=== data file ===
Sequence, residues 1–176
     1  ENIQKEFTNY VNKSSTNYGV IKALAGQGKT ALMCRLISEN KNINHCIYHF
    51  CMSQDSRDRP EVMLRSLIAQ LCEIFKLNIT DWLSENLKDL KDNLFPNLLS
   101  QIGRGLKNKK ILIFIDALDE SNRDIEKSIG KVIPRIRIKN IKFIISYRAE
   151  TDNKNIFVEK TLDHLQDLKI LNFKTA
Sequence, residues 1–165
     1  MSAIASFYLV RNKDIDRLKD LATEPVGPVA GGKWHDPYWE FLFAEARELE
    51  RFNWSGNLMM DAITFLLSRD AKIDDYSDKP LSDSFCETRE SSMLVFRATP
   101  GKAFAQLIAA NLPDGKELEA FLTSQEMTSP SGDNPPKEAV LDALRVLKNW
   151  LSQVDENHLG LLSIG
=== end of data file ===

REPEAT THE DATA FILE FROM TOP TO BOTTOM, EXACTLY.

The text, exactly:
Sequence, residues 1–176
     1  ENIQKEFTNY VNKSSTNYGV IKALAGQGKT ALMCRLISEN KNINHCIYHF
    51  CMSQDSRDRP EVMLRSLIAQ LCEIFKLNIT DWLSENLKDL KDNLFPNLLS
   101  QIGRGLKNKK ILIFIDALDE SNRDIEKSIG KVIPRIRIKN IKFIISYRAE
   151  TDNKNIFVEK TLDHLQDLKI LNFKTA
Sequence, residues 1–165
     1  MSAIASFYLV RNKDIDRLKD LATEPVGPVA GGKWHDPYWE FLFAEARELE
    51  RFNWSGNLMM DAITFLLSRD AKIDDYSDKP LSDSFCETRE SSMLVFRATP
   101  GKAFAQLIAA NLPDGKELEA FLTSQEMTSP SGDNPPKEAV LDALRVLKNW
   151  LSQVDENHLG LLSIG